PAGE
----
Living In The City Vs. The Suburbs: Pros And Cons
Look At The Bigger Picture
There are pros and cons to suburban and urban living, and much to consider as you look for an individual dwelling, or a family home. But the same solution will be more or less applicable to differing people. Sometimes rental is the most financially responsible, sometimes you need to build equity more directly. Following, we’ll examine some ups and downs of either category.
A commute can be a nightmare. If you live in the suburbs but work in the city, that can mean a commute of two hours one way. Can you afford to spend four hours a day in traffic? Of course, there are always secondary routes that can be used. You can take back roads and the like to cut down on your need to contend with traffic. This isn’t desirable for everyone.
If you’ve got a job near your home in the suburbs, though, then this issue disappears. Still, what you pay in terms of travel can reduce what you save owing to more distant location of residency. If you’ve got to drive sixty miles a day, thirty miles both ways, and spend four hours in traffic on average, that’s twenty hours and one hundred and fifty miles in a five-day week.
In a year, you’re looking at 7,200 miles in commute alone, and 1,040 hours in traffic—assuming you never miss a week of work in a year. If your time is worth $20 an hour, that’s $20,800 of lost potential. In terms of mileage, gas, and wear-and-tear, the IRS values drive expenses at fifty-eight cents a mile. This means 7,200 miles translates to $4,176.
The commute outlined here costs about $25k a year, depending on how good you are with your time. This is a con of the suburb over living centrally and simply using public transportation.
Generally, an urban home is going to give you access to more urban amenities than one in the suburbs. It could be five miles to the nearest 7-11 in the suburbs. In the city, there are bodegas on every street corner, theaters, bars, shops, or whatever else you’d like. Clearly the urban alternative excels here.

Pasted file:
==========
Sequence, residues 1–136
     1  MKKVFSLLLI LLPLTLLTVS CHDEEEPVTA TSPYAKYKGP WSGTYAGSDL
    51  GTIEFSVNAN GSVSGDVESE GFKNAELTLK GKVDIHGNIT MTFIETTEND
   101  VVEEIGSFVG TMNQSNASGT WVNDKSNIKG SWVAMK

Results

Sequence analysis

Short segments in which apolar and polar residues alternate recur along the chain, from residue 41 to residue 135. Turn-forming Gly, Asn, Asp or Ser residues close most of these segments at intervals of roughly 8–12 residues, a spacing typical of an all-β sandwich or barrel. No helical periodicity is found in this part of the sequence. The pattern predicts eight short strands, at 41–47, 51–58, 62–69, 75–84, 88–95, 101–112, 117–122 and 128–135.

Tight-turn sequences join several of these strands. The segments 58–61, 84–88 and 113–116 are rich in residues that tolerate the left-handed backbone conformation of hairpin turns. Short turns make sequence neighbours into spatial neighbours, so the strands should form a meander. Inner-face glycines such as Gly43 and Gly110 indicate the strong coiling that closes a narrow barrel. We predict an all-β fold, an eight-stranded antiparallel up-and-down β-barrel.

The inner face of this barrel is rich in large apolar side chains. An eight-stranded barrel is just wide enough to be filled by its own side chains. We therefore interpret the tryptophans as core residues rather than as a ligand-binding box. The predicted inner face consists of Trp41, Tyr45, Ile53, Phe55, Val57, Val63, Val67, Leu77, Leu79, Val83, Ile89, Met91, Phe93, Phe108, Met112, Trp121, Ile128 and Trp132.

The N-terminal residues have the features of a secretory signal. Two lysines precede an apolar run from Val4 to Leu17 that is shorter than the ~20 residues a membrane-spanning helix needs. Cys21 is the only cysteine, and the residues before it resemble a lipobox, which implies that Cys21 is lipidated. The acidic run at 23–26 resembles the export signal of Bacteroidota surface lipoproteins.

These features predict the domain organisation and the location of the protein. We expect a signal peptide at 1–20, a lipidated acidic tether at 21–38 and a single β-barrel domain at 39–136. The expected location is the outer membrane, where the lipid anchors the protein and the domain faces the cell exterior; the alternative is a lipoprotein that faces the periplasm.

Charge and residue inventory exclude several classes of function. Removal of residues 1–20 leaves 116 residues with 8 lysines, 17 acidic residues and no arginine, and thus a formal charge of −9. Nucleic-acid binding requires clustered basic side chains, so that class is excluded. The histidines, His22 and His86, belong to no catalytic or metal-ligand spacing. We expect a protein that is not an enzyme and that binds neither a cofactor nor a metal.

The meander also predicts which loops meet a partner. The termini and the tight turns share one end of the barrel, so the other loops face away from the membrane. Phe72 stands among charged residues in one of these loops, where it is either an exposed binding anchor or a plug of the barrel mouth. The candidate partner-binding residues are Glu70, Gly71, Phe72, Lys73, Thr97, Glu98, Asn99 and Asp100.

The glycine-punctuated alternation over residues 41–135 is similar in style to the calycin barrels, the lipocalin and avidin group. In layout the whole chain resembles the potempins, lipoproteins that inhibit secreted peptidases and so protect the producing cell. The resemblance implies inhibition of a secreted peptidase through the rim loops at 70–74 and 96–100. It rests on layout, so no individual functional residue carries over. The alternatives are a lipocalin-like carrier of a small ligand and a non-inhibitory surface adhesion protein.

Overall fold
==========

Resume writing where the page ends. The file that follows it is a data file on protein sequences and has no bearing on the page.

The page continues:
Check out these listings for U Move Free La Villita, TX apartments. Essentially, any living option you need can be achieved, these are some of the more centralized rental solutions of San Antonio. Big rental units and small ones are available. You can even rent full properties if you’ve got the resources.
However, renting centrally is going to cost you more than larger units which aren’t located centrally. Are you raising a family? Do you have pets? Do you need space for work, hobbies, or other activities? Well, you won’t have nearly so much in most urban dwelling scenarios. Things become increasingly compact the more centrally you live.
In Tokyo, some hotels are essentially compartments you can stretch out in. There are certainly more spacious options, but this stereotype is well-known for a reason. Still, even those tiny sleeping spaces are more costly than some midwestern motels.
If you really need little space, you might have your cake and eat it too by living in a motorhome for a while—living mobile need not feel mobile! However there’s a legal gray area here, and you’ll deal with a number of unexpected hassles. Still, again owing to the bigger picture, this could be an option. Equity is built easier in a motorhome than an apartment if you’re strategic. With rental, you never get back what you pay in.
Making Your Choice
Residential living in a suburban sense provides better security and equity in neighborhoods that typically feature reduced crime. However, you’ll lose thousands of dollars and hours in the commute. Meanwhile, centrally-located urban dwellings are more costly and smaller, though they have access to amenities in abundance. And you can always live mobile.
Whether to go with an option that’s central, in the suburbs, or transitory will depend on you. Crunch the numbers. Figure out where you want to be in the future. Check out what’s available, and don’t forget collateral costs like commute. Let the relevant facts pertaining to your needs help you define which living possibility best represents you.